Categories: Merritt Island
Merritt Island Brush Fire 75% Contained
MERRITT ISLAND, Florida — A 2,200 brush fire on Merritt Island near Kennedy Space Center that forced the evacuation of KARS park is 75% contained according to the U.S. Fish and Wildlife Service. The fire has been named the “Center” fire.
The cause of the fire is believed to be from a lightning strike when thunderstorms rolled across Brevard County Monday afternoon.
Ash and smoke from the fire is drifting throughout North Merritt Island, Cocoa, Port St. John, Canaveral Groves, Cape Canaveral, Port Canaveral and southern Titusville due to variable easterly winds.
The National Weather Service forecasts continuing light easterly winds may cause traffic hazards from the wildfire smoke through the night.
Smoke from wildfires is a mixture of gases and fine particles from burning trees and other plant materials. Smoke can hurt your eyes, irritate your respiratory system, and worsen chronic heart and lung diseases.
The U.S. Center for Disease Control has the following health advice regarding wildfire smoke:
Who is at greatest risk from wildfire smoke?
- People who have heart or lung diseases, like congestive heart failure, angina, chronic obstructive pulmonary disease (including emphysema), or asthma, are at higher risk from wildfire smoke. In general, people with these conditions are at higher risk of having health problems than healthy people.
- Older adults are more likely to be affected by smoke. This may be due to their increased risk of heart and lung diseases.
- Children are more likely to be affected by health threats from smoke. Children’s airways are still developing and they breathe more air per pound of body weight than adults. In addition, children often spend more time outdoors engaged in activity and play.
Take steps to decrease your risk from wildfire smoke.
- Check local air quality reports. Listen and watch for news or health warnings about smoke. Find out if your community provides reports about the U.S. Environmental Protection Agency’s Air Quality Index (AQI). In addition, pay attention to public health messages about taking safety measures.
- Consult local visibility guides if they are available. Some communities have monitors that measure the amount of particles that are in the air. In the western part of the United States, some states and communities provide guidelines to help people determine if there are high levels of particulates in the air by how far they can see.
- Keep indoor air as clean as possible if you are advised to stay indoors. Keep windows and doors closed. Run an air conditioner if you have one, but keep the fresh-air intake closed and the filter clean to prevent outdoor smoke from getting inside. If you do not have an air conditioner and it is too warm to stay inside with the windows closed, seek shelter in a designated evacuation center or away from the affected area.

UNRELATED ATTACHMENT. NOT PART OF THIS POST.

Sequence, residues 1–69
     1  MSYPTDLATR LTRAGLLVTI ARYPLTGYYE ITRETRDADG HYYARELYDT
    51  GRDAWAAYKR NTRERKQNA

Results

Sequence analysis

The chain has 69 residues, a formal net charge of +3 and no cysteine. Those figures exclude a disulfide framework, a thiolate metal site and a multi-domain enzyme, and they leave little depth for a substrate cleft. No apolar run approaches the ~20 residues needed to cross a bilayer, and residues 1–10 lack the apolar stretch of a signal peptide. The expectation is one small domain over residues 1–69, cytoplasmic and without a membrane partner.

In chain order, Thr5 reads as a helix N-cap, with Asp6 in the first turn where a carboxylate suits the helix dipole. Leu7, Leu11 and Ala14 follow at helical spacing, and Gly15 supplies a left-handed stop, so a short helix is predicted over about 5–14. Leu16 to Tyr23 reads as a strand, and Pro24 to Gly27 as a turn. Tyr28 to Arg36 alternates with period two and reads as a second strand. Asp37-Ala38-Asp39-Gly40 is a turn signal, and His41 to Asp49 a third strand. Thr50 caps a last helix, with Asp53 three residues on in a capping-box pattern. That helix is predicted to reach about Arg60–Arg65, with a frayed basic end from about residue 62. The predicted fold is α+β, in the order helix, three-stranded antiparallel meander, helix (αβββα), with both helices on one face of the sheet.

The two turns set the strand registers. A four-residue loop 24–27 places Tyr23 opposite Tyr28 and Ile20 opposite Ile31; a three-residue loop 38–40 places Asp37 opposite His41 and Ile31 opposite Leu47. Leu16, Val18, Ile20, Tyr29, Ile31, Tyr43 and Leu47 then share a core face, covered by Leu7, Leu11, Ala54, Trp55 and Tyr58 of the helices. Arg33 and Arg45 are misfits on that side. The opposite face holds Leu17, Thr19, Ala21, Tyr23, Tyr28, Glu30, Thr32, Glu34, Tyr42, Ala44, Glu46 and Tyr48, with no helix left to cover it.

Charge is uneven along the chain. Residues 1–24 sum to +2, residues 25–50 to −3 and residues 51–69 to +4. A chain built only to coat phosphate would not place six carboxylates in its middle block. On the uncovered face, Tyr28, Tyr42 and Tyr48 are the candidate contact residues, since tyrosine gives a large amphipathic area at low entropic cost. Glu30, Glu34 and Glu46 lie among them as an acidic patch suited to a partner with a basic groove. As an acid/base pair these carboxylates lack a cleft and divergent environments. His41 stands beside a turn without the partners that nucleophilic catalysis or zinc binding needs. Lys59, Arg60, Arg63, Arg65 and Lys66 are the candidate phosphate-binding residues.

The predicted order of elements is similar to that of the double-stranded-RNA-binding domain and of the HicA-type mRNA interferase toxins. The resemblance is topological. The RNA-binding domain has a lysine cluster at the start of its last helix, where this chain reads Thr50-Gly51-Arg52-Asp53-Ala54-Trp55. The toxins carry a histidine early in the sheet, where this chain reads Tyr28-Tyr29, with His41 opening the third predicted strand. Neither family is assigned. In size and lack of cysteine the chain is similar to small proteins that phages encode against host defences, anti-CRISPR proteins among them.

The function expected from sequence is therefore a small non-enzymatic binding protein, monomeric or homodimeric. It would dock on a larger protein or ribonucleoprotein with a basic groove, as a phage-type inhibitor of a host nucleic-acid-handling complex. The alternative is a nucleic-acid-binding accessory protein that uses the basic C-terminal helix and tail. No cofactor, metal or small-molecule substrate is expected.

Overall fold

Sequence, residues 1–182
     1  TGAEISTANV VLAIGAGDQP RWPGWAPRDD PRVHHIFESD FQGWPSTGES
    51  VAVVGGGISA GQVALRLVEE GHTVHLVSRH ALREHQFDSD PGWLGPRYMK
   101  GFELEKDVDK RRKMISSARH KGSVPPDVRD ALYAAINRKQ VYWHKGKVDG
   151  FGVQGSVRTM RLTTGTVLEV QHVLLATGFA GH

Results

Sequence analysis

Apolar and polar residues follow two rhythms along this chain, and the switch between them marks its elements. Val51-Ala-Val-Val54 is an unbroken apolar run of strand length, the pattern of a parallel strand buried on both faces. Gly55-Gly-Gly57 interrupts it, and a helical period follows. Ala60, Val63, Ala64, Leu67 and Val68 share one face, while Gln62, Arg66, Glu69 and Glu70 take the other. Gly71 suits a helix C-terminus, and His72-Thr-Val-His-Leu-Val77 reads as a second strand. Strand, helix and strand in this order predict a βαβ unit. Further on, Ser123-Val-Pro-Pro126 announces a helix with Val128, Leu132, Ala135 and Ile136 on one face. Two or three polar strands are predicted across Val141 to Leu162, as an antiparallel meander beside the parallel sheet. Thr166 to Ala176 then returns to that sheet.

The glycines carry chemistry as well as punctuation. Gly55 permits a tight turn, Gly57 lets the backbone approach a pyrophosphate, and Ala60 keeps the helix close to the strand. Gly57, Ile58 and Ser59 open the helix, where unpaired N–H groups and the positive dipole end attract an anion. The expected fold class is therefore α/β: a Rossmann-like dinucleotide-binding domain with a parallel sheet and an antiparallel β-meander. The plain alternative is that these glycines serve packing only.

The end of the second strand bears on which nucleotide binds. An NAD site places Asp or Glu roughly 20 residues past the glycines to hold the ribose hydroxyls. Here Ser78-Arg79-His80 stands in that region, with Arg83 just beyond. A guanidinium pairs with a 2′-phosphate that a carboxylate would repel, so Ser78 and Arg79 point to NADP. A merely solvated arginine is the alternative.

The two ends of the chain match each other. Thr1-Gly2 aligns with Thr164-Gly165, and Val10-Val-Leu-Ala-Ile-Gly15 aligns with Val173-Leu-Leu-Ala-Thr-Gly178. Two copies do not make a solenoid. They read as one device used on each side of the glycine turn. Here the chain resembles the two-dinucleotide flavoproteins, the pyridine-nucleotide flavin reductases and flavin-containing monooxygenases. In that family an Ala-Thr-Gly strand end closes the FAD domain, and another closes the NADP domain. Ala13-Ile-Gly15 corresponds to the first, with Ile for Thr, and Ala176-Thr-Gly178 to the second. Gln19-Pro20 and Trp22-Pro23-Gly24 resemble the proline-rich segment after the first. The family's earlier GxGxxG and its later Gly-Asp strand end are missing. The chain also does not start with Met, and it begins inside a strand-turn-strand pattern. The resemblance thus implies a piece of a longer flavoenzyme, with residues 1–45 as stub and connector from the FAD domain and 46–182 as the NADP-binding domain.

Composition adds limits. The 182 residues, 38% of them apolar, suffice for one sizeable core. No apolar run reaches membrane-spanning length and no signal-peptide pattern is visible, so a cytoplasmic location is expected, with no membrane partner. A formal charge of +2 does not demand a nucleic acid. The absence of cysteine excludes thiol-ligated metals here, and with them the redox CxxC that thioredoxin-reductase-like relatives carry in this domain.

- Avoid activities that increase indoor pollution. Burning candles, fireplaces, or gas stoves can increase indoor pollution. Vacuuming stirs up particles already inside your home, contributing to indoor pollution. Smoking also puts even more pollution into the air.
- Prevent wildfires from starting. Prepare, build, maintain and extinguish campfires safely. Comply with local regulations if you plan to burn trash or debris. Check with your local fire department to be sure the weather is safe enough for burning.
- Follow the advice of your doctor or other healthcare provider about medicines and about your respiratory management plan if you have asthma or another lung disease. Consider evacuating the area if you are having trouble breathing. Call for further advice if your symptoms worsen.
- Do not rely on dust masks for protection. Paper “comfort” or “dust” masks commonly found at hardware stores are designed to trap large particles, such as sawdust. These masks will not protect your lungs from the small particles found in wildfire smoke.
- Evacuate from the path of wildfires. Listen to the news to learn about current evacuation orders. Follow the instructions of local officials about when and where to evacuate. Take only essential items with you. Follow designated evacuation routesÑothers may be blockedÑand expect heavy traffic.
PHOTO CREDIT: U.S. Fish and Wildlife Service